If you read the headlines about Tesla’s plan to acquire SolarCity, you might think that the move is universally hated. The Globe and Mail wrote “Tesla stock plummets as planned SolarCity buy puzzles everybody but Musk ” – everybody but Musk? I wouldn’t be so sure.
While everyone and their mother seem to hate on the acquisition plan, the real question is: do shareholders like it? And maybe more importantly: do institutional shareholders like it? They will be the ones deciding after all.
Tesla’s SolarCity offer is primarily getting hate from people who don’t own the stock – and not only from people who don’t own the stock, but from people who are shorting the stock. People who benefit from the share price falling and people who will not vote on the planned merger.
Famed short seller Jim Chanos went on CNBC to call the deal a “brazen Tesla bailout of SolarCity”. Chanos has been shorting both stocks and he will not get to vote on deal. While he is entitled to his opinion and can try to influence shareholders, it will not have much impact at the end.
Other Wall Street personalities weighed in on the deal, like Jeffrey Gundlach, CEO DoubleLine Capital:
“This deal feels like Musk has lost his Midas touch. I also feel like Musk is trying to do too much,”
But DoubleLine Capital doesn’t own shares of Tesla. Here’s an overview of the main shareholders of both Tesla and SolarCity via Financial Times:
Elon Musk, the largest individual shareholder of both companies, decided to recuse himself from voting his shares at both companies and leave it to Tesla and SolarCity shareholders. Though he made it clear that he is backing the deal and even called it a “no-brainer”.
It leaves the decision to individual and institutional shareholders. It will be difficult to predict the vote of individual shareholders, but we published an admittedly unscientific poll yesterday and it showed that most shareholders of both Tesla and SolarCity are in favor of the acquisition based on a sample of just over 2,000 people:
Now the institutional holders are easier to predict since they have only a few people managing the funds and you can get a sense of which side they plan on voting. Since Elon Musk is backing the plan, it basically comes down to the fund managers’ confidence in the CEO.
While Musk didn’t disclose the deal to any of the major investors until it was publicly announced this week, he did say that the idea has been part of discussions with some of the largest shareholders in the past.
You can find a full list of top TSLA institutional and mutual fund holders below, but here are a few who commented on the announcement of the deal – though most didn’t want to outright say which way they are voting.
Joe Dennison, a portfolio manager of Zevenbergen Capital Investments, which has about 600,000 Tesla shares, commented on the acquisition plan to Reuters:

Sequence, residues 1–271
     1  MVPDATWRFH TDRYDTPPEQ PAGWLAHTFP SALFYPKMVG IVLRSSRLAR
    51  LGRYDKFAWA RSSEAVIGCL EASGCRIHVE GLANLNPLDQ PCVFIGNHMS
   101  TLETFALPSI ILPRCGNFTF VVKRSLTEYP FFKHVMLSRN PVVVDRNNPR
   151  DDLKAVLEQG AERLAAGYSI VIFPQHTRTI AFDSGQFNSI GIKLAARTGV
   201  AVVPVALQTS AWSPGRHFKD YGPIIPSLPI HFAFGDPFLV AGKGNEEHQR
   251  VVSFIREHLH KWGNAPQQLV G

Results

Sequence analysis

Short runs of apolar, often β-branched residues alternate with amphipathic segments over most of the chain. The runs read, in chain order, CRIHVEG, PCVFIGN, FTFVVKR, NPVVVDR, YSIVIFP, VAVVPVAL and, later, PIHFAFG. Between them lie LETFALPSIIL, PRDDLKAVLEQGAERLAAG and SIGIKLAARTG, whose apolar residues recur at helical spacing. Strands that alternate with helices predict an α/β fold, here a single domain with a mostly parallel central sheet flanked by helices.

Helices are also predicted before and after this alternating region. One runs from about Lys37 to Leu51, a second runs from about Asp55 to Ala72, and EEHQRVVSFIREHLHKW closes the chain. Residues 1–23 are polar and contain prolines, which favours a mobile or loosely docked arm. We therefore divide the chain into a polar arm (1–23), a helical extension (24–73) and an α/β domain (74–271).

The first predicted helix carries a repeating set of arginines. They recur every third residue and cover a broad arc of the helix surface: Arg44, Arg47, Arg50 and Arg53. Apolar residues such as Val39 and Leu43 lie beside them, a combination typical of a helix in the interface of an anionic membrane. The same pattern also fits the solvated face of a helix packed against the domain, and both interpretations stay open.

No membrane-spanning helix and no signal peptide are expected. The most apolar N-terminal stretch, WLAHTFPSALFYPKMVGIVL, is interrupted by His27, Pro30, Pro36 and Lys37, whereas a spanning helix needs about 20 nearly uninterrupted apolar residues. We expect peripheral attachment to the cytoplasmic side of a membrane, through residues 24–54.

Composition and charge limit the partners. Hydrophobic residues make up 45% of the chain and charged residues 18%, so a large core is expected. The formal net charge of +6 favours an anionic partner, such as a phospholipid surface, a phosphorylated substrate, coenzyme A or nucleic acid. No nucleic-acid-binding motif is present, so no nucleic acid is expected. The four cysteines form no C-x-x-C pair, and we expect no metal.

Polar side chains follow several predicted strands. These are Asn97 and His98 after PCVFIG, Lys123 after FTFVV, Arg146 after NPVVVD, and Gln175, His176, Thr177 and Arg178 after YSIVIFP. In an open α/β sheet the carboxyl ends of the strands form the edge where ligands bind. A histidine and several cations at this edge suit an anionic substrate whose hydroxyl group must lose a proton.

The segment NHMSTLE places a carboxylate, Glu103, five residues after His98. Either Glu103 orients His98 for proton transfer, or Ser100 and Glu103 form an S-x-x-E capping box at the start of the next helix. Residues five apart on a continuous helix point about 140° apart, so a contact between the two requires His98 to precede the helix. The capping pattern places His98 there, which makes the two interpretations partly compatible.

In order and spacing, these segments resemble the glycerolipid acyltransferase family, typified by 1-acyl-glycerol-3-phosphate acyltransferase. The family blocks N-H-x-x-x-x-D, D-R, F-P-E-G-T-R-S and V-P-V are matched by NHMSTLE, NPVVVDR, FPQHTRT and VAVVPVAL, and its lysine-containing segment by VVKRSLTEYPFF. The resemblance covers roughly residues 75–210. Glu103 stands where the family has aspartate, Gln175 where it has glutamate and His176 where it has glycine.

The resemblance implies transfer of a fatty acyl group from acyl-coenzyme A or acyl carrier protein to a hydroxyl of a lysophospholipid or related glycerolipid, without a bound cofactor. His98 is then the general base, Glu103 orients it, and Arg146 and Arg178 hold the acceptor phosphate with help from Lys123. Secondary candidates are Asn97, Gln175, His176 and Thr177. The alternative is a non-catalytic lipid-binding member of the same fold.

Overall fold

“It’s a natural evolution of their mission to transform transportation into a sustainable business […] We expect it to go through and believe that most investors who actually own the stock understand management’s long-term vision for the company.”
Another interesting aspect is that a lot of Tesla shareholders already own SolarCity shares, which could facilitate the deal. The number is estimated at 45% as Reuters reported after talking about Fidelity, which is a major shareholder of both companies and looks to bein favor of the deal:
“The manager of the second largest mutual fund investor in Tesla, the $12 billion Fidelity OTC Portfolio, which is also the largest institutional holder of SolarCity, praised a tie-up in comments earlier this year.
“We remain fans not just of Tesla products, but of the concepts and potential future partnerships behind the company. We foresee fruitful synergies between say, Tesla and SolarCity – or any company that can benefit from superior battery technology,” Gavin Baker, who runs the Fidelity OTC fund, said in his first-quarter commentary for investors. It owns 2.1 percent of shares.”
Finally, Baillie Gifford, the second largest institutional holder after Fidelity, is not completely sold on the deal and plans to meet with management to discuss it, but James Anderson, the head of the Edinburgh-based group’s long-term global growth team, reiterated his confidence in Musk and said that he was not necessarily opposed to the deal.
Yesterday, the first trading day after the announcement of the offer, Tesla’s stock price fell ~10%. Investors unhappy with the deal are already leaving, but based on the comments from major long-term holders, it looks like the deal will go through and Tesla will be on its way to become a major energy company rather than an automaker.
Here’s the full list of top TSLA institutional and mutual fund holders:
|Top Institutional Holders|
|Top Mutual Fund Holders|
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